This project, supported by the Minerva Research Initiative and the Army Research Office, seeks to understand how persons displaced by conflict make decisions to return home or to resettle elsewhere, and the consequences for political stability and reconstruction.
We have little well-developed theory and few well-established findings on the determinants of when, where, and why individuals displaced by conflict decide to return home or settle elsewhere. This limits our understanding of how population displacement, resettlement, and return affect longer-term peacebuilding and post-war recovery efforts in conflict zones. Our project focuses on what happens after armed conflict has produced displacement. We examine (1) what factors lead displaced persons to return home, remain displaced, or resettle elsewhere, and (2) the consequences of these population movements for peace-building and stabilization in countries that have experienced civil war.
We develop new theory to explain settlement decisions. Work in the tradition of “push” and “pull” factors usefully identifies how social networks, security, and economic opportunities lead displaced individuals to prefer one destination over another. But displaced persons’ preferences are not static or uniform; they are shaped, in part, by their experience of violence during wartime displacement. Furthermore, focusing on the preferences of displaced persons overlooks the dynamic environment in which they make decisions and the interests and policies of other actors. Governments and armed non-state actors have preferences over the scale and social identity of those who might return to or resettle in their jurisdictions. Decisions about return and resettlement are thus also the result of strategic interactions between the displaced, government authorities, and armed non-state actors.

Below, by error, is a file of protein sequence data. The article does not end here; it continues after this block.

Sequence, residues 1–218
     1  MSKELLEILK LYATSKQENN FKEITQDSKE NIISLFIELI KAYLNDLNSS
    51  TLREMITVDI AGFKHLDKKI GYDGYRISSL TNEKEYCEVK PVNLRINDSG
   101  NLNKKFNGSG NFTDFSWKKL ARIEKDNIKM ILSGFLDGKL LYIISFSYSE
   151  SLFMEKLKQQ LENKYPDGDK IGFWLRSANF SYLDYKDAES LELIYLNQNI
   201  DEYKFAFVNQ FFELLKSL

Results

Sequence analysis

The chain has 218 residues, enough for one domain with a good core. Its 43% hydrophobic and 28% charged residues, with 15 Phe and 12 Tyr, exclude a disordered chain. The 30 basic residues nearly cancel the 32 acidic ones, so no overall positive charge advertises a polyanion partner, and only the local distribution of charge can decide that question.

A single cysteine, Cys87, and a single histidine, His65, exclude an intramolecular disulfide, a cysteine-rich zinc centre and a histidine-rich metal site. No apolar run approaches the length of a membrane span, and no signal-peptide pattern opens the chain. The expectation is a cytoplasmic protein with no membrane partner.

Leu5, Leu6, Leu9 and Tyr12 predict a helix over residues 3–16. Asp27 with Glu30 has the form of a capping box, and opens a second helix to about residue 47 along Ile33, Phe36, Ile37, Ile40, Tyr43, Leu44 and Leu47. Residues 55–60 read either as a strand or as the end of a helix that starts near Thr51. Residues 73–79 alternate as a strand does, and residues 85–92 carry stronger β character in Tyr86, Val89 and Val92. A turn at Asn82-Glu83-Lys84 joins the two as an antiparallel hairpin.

We draw on psychological research on the social and political consequences of conflict to understand how the experience of wartime violence shapes displaced persons willingness to live alongside and collaborate with members of in-groups and out-groups. We build on principal-agent theory to better understand how credible commitments shape patterns of population return and resettlement, and advance the literature on post-war peacebuilding by focusing on how patterns of population movement are key drivers of sub-national resilience and stability in cities and urban areas.
To assess our hypotheses, we analyze a broad range of data from surveys and field experiments, and observational data incorporating administrative, event, and remote sensing information. The project is based on a micro-level data collection effort that seeks to address challenges in describing and quantifying resettlement and return, peacebuilding, and stabilization.
James Igoe Walsh of the University of North Carolina serves as principal investigator; co-principal investigators are Paul Huth (University of Maryland), Jonathan Hall (Uppsala University), Abbey Steele (Amsterdam University), and Jean-Claude Thill (University of North Carolina at Charlotte).